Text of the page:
The Office of the General Counsel found merit to alleged violations of the National Labor Relations Act against Walmart, such as the following:

  • During two national television news broadcasts and in statements to employees at Walmart stores in California and Texas, Walmart unlawfully threatened employees with reprisal if they engaged in strikes and protests on November 22, 2012.
  • Walmart stores in California, Colorado, Florida, Illinois, Kentucky, Louisiana, Maryland, Massachusetts, Minnesota, North Carolina, Ohio, Texas and Washington unlawfully threatened, disciplined, and/or terminated employees for having engaged in legally protected strikes and protests.
  • Walmart stores in California, Florida, Missouri and Texas unlawfully threatened, surveilled, disciplined, and/or terminated employees in anticipation of or in response to employees’ other protected concerted activities.

The Office of the General Counsel found no merit, absent appeal, to alleged violations of the National Labor Relations Act against Walmart, such as the following:

  • Walmart stores in Illinois and Texas did not interfere with their employees’ right to strike by telling large groups of non-employee protestors to move from Walmart’s property to public property, pursuant to a lawful Solicitation and Distribution policy, where the groups contained only a small number of employees who either did not seek to stay on Walmart’s property or were permitted to remain without non-employee protesters.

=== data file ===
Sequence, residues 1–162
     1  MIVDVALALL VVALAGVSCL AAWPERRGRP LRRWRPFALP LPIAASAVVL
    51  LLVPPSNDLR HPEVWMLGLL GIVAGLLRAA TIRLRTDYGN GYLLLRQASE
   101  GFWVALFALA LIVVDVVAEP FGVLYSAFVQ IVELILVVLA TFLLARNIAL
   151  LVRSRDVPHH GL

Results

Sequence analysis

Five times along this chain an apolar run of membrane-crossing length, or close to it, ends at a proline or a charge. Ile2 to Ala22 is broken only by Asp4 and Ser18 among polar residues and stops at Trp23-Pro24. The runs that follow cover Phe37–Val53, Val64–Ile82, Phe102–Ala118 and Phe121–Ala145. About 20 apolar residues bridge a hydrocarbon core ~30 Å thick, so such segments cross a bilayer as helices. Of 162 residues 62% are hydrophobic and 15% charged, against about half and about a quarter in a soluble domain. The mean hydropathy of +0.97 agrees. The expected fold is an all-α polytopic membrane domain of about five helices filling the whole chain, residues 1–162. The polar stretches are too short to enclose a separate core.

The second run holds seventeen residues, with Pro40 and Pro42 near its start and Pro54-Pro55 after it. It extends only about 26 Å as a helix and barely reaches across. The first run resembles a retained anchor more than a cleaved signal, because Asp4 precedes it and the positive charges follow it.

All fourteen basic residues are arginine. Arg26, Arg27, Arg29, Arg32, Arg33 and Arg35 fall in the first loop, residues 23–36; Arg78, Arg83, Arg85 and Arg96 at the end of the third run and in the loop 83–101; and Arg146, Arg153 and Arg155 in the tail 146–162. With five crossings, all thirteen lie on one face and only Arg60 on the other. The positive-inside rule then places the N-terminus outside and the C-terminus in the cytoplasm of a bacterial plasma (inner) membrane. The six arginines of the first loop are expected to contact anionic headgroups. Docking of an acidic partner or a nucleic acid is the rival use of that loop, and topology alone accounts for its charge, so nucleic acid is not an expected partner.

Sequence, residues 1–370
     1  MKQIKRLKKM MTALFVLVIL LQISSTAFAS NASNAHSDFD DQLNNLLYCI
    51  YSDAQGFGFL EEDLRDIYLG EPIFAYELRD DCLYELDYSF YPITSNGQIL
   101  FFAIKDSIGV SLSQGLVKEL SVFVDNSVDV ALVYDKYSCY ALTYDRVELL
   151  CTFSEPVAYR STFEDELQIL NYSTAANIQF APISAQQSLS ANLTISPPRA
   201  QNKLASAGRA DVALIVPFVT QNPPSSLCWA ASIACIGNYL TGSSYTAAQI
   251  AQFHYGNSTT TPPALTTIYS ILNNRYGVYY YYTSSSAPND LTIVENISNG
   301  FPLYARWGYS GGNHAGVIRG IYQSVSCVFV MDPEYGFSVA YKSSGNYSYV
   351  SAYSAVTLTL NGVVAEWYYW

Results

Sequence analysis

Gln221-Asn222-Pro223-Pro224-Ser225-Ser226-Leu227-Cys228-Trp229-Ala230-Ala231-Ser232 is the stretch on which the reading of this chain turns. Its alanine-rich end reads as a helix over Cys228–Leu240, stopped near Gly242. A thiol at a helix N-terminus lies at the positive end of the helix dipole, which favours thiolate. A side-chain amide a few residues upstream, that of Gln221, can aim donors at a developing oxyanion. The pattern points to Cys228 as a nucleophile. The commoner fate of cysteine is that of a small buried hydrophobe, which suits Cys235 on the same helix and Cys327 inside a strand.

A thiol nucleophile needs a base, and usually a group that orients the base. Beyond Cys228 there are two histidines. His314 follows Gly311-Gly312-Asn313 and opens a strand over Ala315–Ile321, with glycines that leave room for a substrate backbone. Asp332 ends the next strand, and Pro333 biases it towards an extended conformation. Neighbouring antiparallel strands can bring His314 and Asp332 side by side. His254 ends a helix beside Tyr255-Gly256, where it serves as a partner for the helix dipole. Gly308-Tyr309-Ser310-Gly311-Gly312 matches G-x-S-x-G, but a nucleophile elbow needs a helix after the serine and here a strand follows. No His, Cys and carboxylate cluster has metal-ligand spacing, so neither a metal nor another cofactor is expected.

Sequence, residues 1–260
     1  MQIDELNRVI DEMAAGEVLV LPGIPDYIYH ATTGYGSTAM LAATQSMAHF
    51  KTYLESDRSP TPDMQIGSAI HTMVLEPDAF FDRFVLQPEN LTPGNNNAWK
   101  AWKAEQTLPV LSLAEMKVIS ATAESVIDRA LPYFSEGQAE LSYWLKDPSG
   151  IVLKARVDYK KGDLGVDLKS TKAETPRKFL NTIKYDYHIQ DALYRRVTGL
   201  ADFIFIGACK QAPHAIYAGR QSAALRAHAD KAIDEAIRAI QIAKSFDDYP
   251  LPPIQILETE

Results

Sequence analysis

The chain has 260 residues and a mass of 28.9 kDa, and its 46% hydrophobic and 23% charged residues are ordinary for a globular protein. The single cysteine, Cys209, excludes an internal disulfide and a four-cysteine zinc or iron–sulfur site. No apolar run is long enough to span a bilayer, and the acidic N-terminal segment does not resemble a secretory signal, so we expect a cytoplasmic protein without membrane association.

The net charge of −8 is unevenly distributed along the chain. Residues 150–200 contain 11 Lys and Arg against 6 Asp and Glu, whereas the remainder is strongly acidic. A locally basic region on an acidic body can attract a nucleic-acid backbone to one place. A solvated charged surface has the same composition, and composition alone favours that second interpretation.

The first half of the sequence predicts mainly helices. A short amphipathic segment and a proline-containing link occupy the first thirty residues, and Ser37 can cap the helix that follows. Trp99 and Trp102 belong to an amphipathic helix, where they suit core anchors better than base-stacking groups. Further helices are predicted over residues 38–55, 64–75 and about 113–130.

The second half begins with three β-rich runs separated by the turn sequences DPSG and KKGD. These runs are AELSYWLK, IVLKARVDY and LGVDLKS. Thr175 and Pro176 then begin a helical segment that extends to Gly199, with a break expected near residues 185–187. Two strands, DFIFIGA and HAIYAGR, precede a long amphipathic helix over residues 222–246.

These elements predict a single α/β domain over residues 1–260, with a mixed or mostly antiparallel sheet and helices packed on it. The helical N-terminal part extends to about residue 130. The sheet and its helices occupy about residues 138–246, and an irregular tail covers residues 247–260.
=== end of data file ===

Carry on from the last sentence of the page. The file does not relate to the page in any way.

• Walmart stores in California and Washington did not unlawfully change work schedules, disparately apply their policies, or otherwise coerce employees in retaliation for their exercise of statutory rights.

The National Labor Relations Act guarantees the right of private sector employees to act together to try to improve their wages and working conditions with or without a union.


Enhanced by Zemanta

Walking Dead returns Sunday, but the Zombie NLRB is already here

English: Zombies in Moscow
English: Zombies in Moscow (Photo credit: Wikipedia)

Zombies walk among us

The season 4 premiere of The Walking Dead airs on AMC this coming Sunday, but apparently the Zombie Apocalypse got has already begun in Washington DC. The shutdown of the Federal government is creating some truly terrifying results, including the creation of zombie agencies like the NLRB – operating with what is literally a skeleton crew consisting of the top leadership. For now anyway, the message from the NLRB is “Don’t call us, we’ll cal you…after the shutdown is over.”

Check out more in this report from the  HuffPo Politics page: